During a recent meeting with a client, we were asked if we were aware of the EEO’s opinion letter on high school diploma job requirements and discrimination under the Americans with Disability Act. We found the conversation to be very relevant given the fact that many employers have a standard hiring practice that generally requires a high school diploma.
Recently the EEOC issued an informal opinion letter stating that a high school diploma job requirement could be considered discrimination under the Americans with Disability Act. In their informal opinion letter, the EEOC stated the qualification standard that screens out individuals on the basis of a disability must be job-related and consistent with business necessity, or it may violate the ADA. Under the ADA, a qualification standard, test, or other selection criterion, such as a high school diploma requirement, that screens out an individual or a class of individuals on the basis of a disability must be job related for the position in question and consistent with business necessity. A qualification standard is job related and consistent with business necessity if it accurately measures the ability to perform the job’s essential functions (i.e. its fundamental duties). Even where a challenged qualification standard, test, or other selection criterion is job related and consistent with business necessity, if it screens out an individual on the basis of disability, an employer must also demonstrate that the standard or criterion cannot be met, and the job cannot be performed, with a reasonable accommodation. See 42 U.S.C. § 12112(b)(6); 29 C.F.R. §§ 1630.10, 1630.15(b) and (c); 29 C.F.R. pt. 1630, app §§ 1630.10, 1630.15(b) and (c).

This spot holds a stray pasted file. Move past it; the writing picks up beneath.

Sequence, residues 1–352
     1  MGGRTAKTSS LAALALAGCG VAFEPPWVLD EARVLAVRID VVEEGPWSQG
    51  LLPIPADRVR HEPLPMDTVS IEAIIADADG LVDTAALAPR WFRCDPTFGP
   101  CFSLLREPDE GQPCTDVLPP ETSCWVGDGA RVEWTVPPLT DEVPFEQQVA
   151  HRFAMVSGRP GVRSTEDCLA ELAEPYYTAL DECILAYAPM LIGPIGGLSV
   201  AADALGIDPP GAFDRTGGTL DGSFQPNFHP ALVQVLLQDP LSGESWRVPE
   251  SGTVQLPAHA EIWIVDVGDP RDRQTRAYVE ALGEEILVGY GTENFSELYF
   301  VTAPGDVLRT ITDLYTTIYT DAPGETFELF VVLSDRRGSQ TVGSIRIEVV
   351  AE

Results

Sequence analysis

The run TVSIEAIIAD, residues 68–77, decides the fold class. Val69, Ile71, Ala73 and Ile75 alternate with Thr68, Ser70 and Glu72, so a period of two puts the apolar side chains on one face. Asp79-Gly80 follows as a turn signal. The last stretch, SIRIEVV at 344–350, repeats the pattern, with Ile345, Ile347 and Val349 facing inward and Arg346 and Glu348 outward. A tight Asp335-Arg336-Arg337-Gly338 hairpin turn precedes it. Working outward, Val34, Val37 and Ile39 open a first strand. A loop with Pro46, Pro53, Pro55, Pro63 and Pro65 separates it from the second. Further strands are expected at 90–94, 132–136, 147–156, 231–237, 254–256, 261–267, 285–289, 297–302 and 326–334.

This means that for each position, the employer must take multiple steps to ensure they are not discriminating under the ADA. First, the employer must determine if the qualification standard of a high school diploma is job-related and consistent with business necessity. If the employer determines a high school diploma is job related, the employer must then determine whether the individual applicant whose learning disability kept him or her from obtaining a diploma can perform the essential functions of the job, with or without a reasonable accommodation.
Employers should keep in mind, that, if they are going to use this kind of qualification standard, they need to have a specific job related reason based in the qualifications for the position itself. Employers need to look at individuals on a case-by-case basis to determine if there is some type of reasonable accommodation that might allow the person to successfully perform the job.
Midwest Staffing is always glad to be a resource to our clients regarding the latest employment related legislation. If you have any questions regarding this issue or any others, please feel free to contact your local branch office.